The concert ended with another challenge for the performers: Serge Prokofiev’s Sonata for Violin and Piano no. 2 in D, Op. 94. This work offered Prokofiev’s attractive melodies and classical structures and these made the unusual intervals of his day all the more acceptable to the unaccustomed ear. The first movement, Moderato, had a most tuneful opening, and Robbie’s exquisite restraint was again particularly noticeable.  The second movement, the traditional Scherzo, was indeed playful and jolly at times, the third movement, Andante, created an overall sense of suspended quiet and calmness with occasional more thrilling developments. The fourth movement, Allegro con brio, opened with a flourish and the piece certainly added fiery liveliness to the proceedings.  In this movement the amazing technique of the performers was particularly apparent. The potency and strength of Rebecca was never in any doubt even though she performed as ‘accompanist’ throughout the evening. As expected, Robbie rose to the occasion and filled the hall with sounds of dramatic intensity, providing an admirable ending to this most enjoyable concert.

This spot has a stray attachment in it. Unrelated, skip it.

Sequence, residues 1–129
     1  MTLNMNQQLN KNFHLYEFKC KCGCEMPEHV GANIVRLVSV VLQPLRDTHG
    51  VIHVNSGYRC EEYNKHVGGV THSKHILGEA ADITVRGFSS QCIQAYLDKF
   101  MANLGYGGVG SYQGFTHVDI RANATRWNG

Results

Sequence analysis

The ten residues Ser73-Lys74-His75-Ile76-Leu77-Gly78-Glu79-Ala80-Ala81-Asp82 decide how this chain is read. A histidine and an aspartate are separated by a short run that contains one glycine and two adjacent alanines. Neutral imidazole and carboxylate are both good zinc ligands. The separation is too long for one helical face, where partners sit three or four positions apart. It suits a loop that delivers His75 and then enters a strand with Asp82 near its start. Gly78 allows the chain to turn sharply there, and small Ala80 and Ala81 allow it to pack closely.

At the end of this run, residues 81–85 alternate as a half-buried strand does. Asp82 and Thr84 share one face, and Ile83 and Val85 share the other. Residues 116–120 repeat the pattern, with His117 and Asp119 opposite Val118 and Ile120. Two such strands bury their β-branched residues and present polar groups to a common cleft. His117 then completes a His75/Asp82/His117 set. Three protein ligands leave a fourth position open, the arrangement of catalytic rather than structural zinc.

Forthcoming events:

Wednesday 16th to Friday 17th November King’s Company Play ‘Improbable Fiction’ by Alan Ayckbourn 7.30 in the Hayward Theatre admission free

Sunday 20th November ‘Christ the King’ Choral Concert King’s Chapel Choir, Prime Brass and Jonathan Lilley (organist) 8 p.m. Ely Cathedral

Thursday 24th November Lunchtime Live Concert 1.10 Ely Cathedral

Friday 2nd December, King’s Charity Concert 7.30 p.m. Hayward Theatre

Friday 20th January King’s Ely Concert Society, Richard Uttley (piano) 7.30 Recital Hall

Thursday 26th January lunchtime Live Concert 1.10 St. Mary’s Church Admission free

Contact: Lisa Bushell at King’s Ely Music School (01353 653931) email: boxoffice@kings-ely.cambs.sch.uk

http://www.localsecrets.com (for the entire review)

Rosemary Westwell